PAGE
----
Hidden Gems of Britain

Hidden Gems of Britain

Britain has an array of bucket-list towns and cities to visit, each with their own unique charm and history. From magnificent London to historic Edinburgh, no trip to Britain is complete without sampling each place and entering their many great attractions. With that said, it is sometimes nice to get off the beaten-track and travel to some of the lesser-known gems of Britain. Here are some of very best Britain has to offer:

One: Durham

A short drive from York is the charming, university city of Durham. Here you’ll discover cobbled streets leading to the Romanesque Durham Cathedral, a stunning building giving Durham its city status. Wandering around Durham you’ll come to the Norman Castle, wholly occupied by the University since the 19th Century. Outside of Durham, you’ll find the tiny village of Goathland, whose train station you may recognise as Hogsmeade from Harry Potter and the Sorcerer’s Stone.

Two: Falmouth

While St Ives has gained increasing popularity due to its hippy vibes and tiny, Cornish shops, Falmouth offers a different experience for those in Cornwall, offering more attractions and the same great views. Take a stroll along the harbour, or wander along one of the town’s four picturesque beaches. After, be sure to check out the Tudor fortress of Pendennis Castle, used as a defensive position in the Second World War. Outside of Falmouth you’ll find St Michael’s Mount and a real Cornish hidden gem, the Minack Theatre, perched high along the golden Cornish coast.

Three: Conwy and Llandudno

North Wales is not short of quaint, hidden gems, in addition to the bustling seaside towns. Firstly, we have Conwy. This small market town is seemingly frozen in time and remains almost completely encircled by its medieval town walls; explore a tangle of cobbled streets, market places, a tiny port and the most dramatic of 13th Century Castles overlooking the town. Next, we have the contrasting town of nearby Llandudno where you can view the elegant town houses and a stroll along the bay-side promenade of this Victorian seaside town.

Four: Pitlochry

With very few large towns and cities, the list of Scottish hidden gems is practically endless. Our favourite is the charming, Victorian town of Pitlochry where you can visit the magnificent Blair Castle or tour the Blair Athol or nearby Edradour Distilleries. Each produce distinct Scotch single malts and make ideal venues for tours to learn about the production of whisky and of course to sample a wee dram of the "water of life". With small, family run shops and restaurants, an afternoon in Pitlochry will bring you close to traditional Scotland in the heart of this beautiful country.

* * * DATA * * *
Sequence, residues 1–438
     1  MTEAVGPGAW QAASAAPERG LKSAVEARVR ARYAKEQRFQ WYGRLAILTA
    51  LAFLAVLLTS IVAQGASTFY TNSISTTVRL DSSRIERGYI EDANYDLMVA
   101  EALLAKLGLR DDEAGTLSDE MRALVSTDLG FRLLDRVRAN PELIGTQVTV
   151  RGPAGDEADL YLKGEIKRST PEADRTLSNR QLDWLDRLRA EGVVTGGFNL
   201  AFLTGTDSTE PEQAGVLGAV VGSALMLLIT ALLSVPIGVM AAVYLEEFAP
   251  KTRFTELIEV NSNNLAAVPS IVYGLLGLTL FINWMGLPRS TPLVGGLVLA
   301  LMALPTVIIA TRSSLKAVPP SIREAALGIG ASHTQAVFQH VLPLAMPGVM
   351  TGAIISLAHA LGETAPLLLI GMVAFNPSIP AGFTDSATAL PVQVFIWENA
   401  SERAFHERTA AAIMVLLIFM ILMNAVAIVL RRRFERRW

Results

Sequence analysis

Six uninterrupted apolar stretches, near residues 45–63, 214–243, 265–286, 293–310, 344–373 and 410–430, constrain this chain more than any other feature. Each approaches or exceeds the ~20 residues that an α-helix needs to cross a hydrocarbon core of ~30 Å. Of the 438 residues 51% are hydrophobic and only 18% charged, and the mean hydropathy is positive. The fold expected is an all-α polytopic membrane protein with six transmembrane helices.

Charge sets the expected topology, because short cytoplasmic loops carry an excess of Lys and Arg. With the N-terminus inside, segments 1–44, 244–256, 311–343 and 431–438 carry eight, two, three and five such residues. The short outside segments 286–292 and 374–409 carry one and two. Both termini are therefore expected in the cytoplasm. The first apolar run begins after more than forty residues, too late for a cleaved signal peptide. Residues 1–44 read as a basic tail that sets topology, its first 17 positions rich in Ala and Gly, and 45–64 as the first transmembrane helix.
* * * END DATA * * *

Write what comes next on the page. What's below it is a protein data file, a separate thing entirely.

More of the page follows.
Five: Bristol

This lively city, traditionally in the farming county of Somerset, offers visitors a chance to board one of Britain’s greatest ever ships, the SS Great Britain. This Victorian steam ship was designed by industrial revolution engineer, Isambard Kingdom Brunel, a man responsible for the Great Western rail network. In Bristol, you’ll find his masterpiece, the stunning Clifton Suspension Bridge, spanning high above the Avon Gorge. More recently, Bristol has gained increasing fame as the home of iconic street-artist Banksy, and strolling around this university city you’ll find constant reminders of his/her influence.

If any of these places have sparked your interest in a trip to Britain, be sure to check-out our brand-new website for 2018 at adeo Travel. Here at adeo Travel we offer self-drive, rail, small-group and coach tours of the very best locations in Britain.